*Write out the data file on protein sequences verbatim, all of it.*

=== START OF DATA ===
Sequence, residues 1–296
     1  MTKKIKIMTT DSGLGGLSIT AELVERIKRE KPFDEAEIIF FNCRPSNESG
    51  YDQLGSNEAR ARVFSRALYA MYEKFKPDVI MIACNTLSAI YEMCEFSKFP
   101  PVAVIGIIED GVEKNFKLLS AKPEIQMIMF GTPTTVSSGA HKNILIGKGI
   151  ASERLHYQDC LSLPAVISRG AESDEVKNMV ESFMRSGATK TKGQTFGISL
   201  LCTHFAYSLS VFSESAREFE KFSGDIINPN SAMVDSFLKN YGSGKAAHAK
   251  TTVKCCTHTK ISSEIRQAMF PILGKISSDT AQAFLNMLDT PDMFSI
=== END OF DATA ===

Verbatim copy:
Sequence, residues 1–296
     1  MTKKIKIMTT DSGLGGLSIT AELVERIKRE KPFDEAEIIF FNCRPSNESG
    51  YDQLGSNEAR ARVFSRALYA MYEKFKPDVI MIACNTLSAI YEMCEFSKFP
   101  PVAVIGIIED GVEKNFKLLS AKPEIQMIMF GTPTTVSSGA HKNILIGKGI
   151  ASERLHYQDC LSLPAVISRG AESDEVKNMV ESFMRSGATK TKGQTFGISL
   201  LCTHFAYSLS VFSESAREFE KFSGDIINPN SAMVDSFLKN YGSGKAAHAK
   251  TTVKCCTHTK ISSEIRQAMF PILGKISSDT AQAFLNMLDT PDMFSI